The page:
Hudson County Burial Grounds

From Wikipedia, the free encyclopedia
Jump to navigation Jump to search

The Hudson County Burial Grounds are also known as the Secaucus Potter's Field and Snake Hill Cemetery and it is located in Secaucus, New Jersey.

The cemetery was cleared of bodies to make room for the Secaucus Transfer Station and Exit 15X of the New Jersey Turnpike between 1992-2003.[1][2][3] More than 4,000 bodies were disinterred. A few were identified and reburied by their families, but the rest were reinterred in a Hackensack cemetery.[4] (The bodies were to be interred at Hoboken Cemetery, North Bergen, but when pits were dug for the bodies, human remains were found, in what was sold as virgin cemetery space.[5][6])

It is estimated that there are another 5,000 or so graves that have not been found, probably lying outside the Secaucus Junction projects construction areas. Some may lie underneath footings and embankments of the New Jersey Turnpike.[4]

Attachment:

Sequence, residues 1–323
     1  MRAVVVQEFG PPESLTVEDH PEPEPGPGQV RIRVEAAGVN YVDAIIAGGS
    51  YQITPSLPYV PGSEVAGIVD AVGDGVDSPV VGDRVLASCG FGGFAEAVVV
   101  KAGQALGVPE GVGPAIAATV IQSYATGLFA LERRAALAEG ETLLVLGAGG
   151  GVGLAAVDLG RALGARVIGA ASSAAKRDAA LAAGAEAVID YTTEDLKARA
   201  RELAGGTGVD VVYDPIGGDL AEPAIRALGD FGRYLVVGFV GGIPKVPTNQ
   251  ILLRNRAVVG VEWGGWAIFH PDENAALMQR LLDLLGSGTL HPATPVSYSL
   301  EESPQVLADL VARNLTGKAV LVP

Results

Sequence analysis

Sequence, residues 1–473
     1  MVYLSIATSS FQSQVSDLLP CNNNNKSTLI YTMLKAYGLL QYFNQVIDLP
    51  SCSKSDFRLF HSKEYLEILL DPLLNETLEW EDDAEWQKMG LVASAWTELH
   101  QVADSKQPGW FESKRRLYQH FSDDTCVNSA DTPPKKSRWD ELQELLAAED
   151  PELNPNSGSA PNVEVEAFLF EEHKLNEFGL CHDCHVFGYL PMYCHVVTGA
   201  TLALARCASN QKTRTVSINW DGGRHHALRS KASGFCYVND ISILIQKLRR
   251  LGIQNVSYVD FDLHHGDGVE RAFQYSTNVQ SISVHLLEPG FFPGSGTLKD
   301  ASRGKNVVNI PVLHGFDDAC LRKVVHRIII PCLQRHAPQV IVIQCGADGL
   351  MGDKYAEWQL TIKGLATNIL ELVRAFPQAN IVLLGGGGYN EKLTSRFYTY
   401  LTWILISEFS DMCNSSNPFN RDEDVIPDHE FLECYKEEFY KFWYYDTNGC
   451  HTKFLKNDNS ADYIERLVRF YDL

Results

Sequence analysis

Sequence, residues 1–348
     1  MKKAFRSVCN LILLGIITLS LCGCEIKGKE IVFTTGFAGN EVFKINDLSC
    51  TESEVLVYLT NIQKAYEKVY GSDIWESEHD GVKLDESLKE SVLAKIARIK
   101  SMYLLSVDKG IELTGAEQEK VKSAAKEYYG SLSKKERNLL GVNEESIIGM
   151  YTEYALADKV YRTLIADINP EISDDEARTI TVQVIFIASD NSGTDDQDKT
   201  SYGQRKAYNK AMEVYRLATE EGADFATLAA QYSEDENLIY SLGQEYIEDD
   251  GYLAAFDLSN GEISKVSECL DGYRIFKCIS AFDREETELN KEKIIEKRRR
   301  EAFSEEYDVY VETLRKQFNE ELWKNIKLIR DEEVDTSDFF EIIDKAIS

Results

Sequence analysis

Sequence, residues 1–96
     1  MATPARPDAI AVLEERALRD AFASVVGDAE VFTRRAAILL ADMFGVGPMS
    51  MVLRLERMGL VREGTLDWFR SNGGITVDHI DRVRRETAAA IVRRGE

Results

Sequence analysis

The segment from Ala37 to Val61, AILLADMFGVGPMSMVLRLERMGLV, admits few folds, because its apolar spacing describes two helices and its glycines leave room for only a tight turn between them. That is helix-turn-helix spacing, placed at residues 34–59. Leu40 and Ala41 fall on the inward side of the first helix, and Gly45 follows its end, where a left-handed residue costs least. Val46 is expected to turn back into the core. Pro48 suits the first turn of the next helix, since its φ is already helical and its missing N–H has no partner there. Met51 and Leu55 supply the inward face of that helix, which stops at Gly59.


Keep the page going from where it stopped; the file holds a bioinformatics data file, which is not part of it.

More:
The bodies were reburied at the Maple Grove Park Cemetery in Hackensack, New Jersey. The last body was removed from the cemetery on October 31, 2003. The remains of 4,572 were transferred. The Register of Burials listed interments between December 31, 1880, and April 12, 1962, but those within the removal area were from between 1920 and 1962. The cemetery served the insane asylum and the poor house that later became the Meadowview Psychiatric Hospital.

Snake Hill[edit]

The Snake Hill region of Secaucus, New Jersey, was the location of the Old Bergen Poor Farm in the late 18th century. In 1840 the southern part of Bergen became Hudson County, which later purchased the land and placed their Insane Asylum and Alms House there.[7]


The Berger Group which performed the removals[8] wrote: